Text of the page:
Business Persistence Pays for Zoovy Store Owner

“I always wanted to be a pioneer coming across the plains in a covered wagon,” says Marion Keisling. However, there is not much need for covered wagon driving these days, so Keisling has done her pioneer thing in the ecommerce business.

She runs a company called and does about $1 million per year in revenue. She sells everything from red hats to lace parasols to tea towels. It’s a far cry from the corporate world, where she was a marketing executive for Castle & Cook Company, a real estate firm.

It would seem that selling homes is way different than selling tiger-stripped cowboy hats and beaded coin purses that look like watermelon wedges. Then again, maybe it’s not that different. It is still about market testing, customer service, and being cost effective.

You’ve heard this before, “I started in my living room six years ago.” For Keisling, that was in the Sacramento, Calif., suburb of Sonora.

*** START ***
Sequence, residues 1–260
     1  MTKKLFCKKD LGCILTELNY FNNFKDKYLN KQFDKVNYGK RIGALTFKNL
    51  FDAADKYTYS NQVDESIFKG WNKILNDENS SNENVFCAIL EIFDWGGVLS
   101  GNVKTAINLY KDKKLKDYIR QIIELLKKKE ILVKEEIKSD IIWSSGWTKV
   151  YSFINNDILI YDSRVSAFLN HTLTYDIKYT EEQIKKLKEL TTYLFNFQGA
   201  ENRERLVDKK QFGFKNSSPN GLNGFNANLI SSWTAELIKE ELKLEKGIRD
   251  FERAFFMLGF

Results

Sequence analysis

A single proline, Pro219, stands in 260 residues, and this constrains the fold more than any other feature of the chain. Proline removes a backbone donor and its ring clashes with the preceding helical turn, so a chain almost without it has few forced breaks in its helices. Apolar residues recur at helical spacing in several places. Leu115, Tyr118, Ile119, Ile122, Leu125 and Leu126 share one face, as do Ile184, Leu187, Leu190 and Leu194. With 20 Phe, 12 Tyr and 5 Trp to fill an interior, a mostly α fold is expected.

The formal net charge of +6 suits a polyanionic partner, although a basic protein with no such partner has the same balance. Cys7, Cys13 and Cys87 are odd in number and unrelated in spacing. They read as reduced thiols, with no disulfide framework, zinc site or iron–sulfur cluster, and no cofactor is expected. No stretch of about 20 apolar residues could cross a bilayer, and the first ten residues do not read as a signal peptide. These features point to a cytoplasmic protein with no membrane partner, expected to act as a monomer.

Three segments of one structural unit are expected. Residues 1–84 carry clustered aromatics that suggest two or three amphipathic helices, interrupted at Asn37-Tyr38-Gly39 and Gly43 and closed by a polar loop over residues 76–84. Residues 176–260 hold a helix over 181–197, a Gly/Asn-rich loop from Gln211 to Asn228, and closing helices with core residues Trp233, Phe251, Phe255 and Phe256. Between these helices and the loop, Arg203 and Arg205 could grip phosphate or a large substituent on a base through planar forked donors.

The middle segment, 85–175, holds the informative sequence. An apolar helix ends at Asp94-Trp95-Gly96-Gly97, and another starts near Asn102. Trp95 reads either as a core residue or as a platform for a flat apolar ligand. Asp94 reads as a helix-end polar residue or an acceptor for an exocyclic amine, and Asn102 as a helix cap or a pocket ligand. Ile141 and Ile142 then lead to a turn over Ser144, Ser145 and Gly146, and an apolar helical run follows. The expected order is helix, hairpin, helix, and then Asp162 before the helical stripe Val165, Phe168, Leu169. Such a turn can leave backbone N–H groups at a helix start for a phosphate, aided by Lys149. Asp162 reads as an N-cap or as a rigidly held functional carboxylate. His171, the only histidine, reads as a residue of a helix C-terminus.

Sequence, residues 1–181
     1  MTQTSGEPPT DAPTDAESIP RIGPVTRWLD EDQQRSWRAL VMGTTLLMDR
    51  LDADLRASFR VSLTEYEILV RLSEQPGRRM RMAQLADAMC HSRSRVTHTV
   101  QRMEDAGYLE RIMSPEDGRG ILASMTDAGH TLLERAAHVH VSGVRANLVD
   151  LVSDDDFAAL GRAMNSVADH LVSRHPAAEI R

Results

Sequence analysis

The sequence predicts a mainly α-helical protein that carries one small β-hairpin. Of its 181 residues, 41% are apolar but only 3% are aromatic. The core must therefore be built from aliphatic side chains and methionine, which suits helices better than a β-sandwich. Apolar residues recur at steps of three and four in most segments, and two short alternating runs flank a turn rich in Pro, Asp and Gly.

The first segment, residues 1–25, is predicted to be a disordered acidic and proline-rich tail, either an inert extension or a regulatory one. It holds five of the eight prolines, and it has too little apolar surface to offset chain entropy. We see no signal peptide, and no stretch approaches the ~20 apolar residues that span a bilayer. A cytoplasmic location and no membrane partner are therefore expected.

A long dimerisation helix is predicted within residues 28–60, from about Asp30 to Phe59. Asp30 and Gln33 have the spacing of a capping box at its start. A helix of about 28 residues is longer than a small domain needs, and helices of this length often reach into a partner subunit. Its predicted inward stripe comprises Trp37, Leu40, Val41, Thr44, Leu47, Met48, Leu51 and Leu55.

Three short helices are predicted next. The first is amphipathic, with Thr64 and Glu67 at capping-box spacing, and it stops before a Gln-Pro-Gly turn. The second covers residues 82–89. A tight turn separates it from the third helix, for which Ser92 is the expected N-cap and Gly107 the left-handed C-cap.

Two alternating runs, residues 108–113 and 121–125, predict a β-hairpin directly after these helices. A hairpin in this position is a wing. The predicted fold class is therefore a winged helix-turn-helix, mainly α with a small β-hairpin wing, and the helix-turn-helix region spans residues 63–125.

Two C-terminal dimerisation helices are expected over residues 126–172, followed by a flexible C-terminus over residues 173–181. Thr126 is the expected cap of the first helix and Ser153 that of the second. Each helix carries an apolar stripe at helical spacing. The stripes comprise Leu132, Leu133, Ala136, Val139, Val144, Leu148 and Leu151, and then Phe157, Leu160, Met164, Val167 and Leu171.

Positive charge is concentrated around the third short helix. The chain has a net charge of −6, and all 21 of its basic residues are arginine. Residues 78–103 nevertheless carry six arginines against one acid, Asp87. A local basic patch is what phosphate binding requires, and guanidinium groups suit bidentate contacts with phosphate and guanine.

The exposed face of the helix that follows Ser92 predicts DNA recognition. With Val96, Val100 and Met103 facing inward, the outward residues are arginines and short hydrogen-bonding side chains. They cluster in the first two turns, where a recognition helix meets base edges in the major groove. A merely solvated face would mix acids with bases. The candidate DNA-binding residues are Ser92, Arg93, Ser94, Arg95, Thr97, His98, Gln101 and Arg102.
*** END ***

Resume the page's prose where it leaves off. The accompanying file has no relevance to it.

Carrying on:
“I got intrigued with eBay, so I started putting some things up for auction and then I put more things up on eBay and then I was a Power Seller and then I was launching 1,000 auctions a week. I learned how to sell on the Internet that way, but I couldn’t make any money, at least not with the products I was selling. Marion was selling things like fluttering butterfly hair clips.”

“I wouldn’t recommend anybody choosing that as a first inventory item. But, I did a lot of experimenting. I had a marketing background in corporate America, and I started doing this part-time on nights and weekends. Then, about three years ago, I switched to full-time.”